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  Mt Everest and K2 Summiter: Ivan Vallejo Kangchenjunga 2006: GIVING UP AT TWO HUNDRED METERS FROM THE SUMMIT


Dear friends: GIVING UP AT TWO HUNDRED METERS FROM THE SUMMIT

Human character is like a balance: carefulness in on one side and audacity is on the other. The shy careful one and the indiscrete audacious are balances with just one arm, useless junk.

Angel Ganivet

  The alarm clock rings at eleven thirty and I start to melt snow to fill the canteens, despite being at 7,800m I feel good with my acclimatization, because I feel nauseous but not much, and that is good.

 At two in the morning I am the first one out, despite the cold it is not difficult to put on my crampons and to tie on the harness, then Juan, Mikel, Ferrán, Josu and finally Fernando come out.

 Because of my debt of the previous day, I go ahead to start opening the trail.  At two ten in the morning we leave C4 towards the summit.  I get into the snow with enthusiasm, with vigor, with strength, I don’t have the pain of the heavy backpack on me to make me useless.  I climb up opening the trail dying of happiness!  The agreement is that each one will do this job for half an hour; Juan is climbing behind me, he takes his turn and I go to the end of the line.  This firefly of twelve feet goes climbing over the steep slope of Kangchenjunga. 

When my turn comes again, my thirty minutes of meditation come, my entire body making zen, living this unique moment of the exercise of breathing and climbing.  My mantra is the sound, the action of breaking the snow, stepping deep, to impulse and make exactly the same with the other foot, while I breath deeply hoping that the poor oxygen we have gets into my lungs and from there it spreads to my blood.  Those thirty minutes are precious, not thinking blankly, just waiting the chatzzz! of the boot when it goes down deep to make it be in rhythm while I inhale and exhale.  The time doesn’t matter, I just climb and while I do it my teammates and me get the benefit of it.  I never know when my turn ends, Juan always pats me with the sky cane and gets me out of it, and he goes ahead and opens the trail.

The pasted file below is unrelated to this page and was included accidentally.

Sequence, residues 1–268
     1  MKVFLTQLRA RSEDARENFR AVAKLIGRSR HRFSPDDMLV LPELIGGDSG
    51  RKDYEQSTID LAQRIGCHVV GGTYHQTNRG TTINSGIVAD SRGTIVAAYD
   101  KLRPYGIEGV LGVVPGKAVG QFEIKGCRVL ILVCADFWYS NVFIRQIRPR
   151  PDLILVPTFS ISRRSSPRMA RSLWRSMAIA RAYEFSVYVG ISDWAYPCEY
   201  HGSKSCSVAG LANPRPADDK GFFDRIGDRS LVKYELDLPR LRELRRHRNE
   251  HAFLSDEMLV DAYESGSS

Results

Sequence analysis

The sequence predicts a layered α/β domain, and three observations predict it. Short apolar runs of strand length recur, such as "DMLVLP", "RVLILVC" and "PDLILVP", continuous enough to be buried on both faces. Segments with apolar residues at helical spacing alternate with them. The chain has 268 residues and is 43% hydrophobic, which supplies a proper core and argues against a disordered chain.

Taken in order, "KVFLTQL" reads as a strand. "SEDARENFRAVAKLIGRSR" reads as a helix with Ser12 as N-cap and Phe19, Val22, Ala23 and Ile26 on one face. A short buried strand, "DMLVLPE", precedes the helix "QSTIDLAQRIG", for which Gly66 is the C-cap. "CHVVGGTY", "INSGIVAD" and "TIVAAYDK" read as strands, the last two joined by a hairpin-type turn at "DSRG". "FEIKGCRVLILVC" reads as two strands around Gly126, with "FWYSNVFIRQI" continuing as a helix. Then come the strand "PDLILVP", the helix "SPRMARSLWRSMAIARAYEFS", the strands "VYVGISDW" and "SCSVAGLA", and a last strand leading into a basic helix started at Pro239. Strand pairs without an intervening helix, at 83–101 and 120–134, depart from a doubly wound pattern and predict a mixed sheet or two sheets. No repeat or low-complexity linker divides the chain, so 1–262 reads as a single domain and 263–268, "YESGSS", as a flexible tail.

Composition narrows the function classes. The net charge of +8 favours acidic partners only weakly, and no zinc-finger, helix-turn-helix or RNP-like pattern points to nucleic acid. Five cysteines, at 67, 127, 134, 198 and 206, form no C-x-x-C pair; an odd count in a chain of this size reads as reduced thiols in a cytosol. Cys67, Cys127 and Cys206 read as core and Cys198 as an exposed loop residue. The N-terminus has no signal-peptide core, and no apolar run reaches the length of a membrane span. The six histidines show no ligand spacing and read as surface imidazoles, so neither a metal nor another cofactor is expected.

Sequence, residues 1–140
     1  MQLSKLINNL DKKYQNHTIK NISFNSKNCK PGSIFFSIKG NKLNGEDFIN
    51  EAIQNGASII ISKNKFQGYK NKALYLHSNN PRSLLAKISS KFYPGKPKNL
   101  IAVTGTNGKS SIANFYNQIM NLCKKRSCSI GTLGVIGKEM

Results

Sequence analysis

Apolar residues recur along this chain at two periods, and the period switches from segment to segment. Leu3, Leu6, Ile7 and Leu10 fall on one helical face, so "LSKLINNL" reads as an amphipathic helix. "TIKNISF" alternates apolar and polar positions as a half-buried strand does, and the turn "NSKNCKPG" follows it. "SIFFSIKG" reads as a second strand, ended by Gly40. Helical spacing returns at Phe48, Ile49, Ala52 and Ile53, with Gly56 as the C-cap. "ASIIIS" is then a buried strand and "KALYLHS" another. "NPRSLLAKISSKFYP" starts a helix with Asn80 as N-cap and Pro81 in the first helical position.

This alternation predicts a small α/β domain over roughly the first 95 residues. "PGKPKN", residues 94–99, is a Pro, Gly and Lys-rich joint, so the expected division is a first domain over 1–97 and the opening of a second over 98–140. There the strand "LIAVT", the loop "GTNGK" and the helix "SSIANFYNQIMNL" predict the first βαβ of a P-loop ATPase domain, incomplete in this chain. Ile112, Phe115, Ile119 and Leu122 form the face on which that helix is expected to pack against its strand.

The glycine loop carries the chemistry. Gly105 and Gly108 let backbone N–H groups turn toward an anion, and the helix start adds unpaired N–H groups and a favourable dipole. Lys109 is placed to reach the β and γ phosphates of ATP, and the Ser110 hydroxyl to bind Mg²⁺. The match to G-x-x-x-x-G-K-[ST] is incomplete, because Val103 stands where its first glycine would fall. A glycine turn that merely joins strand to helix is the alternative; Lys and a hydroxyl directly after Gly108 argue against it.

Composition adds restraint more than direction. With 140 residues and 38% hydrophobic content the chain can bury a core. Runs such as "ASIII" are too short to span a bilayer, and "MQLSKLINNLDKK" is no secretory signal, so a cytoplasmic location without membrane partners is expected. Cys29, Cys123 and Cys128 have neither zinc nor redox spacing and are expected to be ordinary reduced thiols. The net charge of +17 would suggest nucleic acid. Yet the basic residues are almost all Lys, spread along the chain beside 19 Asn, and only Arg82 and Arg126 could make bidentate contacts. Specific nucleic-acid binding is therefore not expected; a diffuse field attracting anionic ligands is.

In one of the following turns, I lose the concentration halfway, the toes of my left foot ache a lot because of the cold, I try to move them so that they won’t get colder and I momentarily feel afraid of what may happen to me, but I feel comfort thinking that everybody is going through the same.  You know, when everybody hurts…  On the next turn I rest, take out the canteen, hydrate and read that the thermometer is 28 degrees C below zero.  That’s why, mother!  We advance, we climb, we breath, we feel sleepy, we complain of the cold, but we continue climbing. 

Finally the sun shows up but far away from us, since we are on the South wall we won’t get it!  With the light I can manage to see where our BC is and I think about my tent, I miss it because it should be lit by the sun and warm.  I think about the song we all parents sing sometime or another to our kids: sun, little sun, warm me up, today and tomorrow…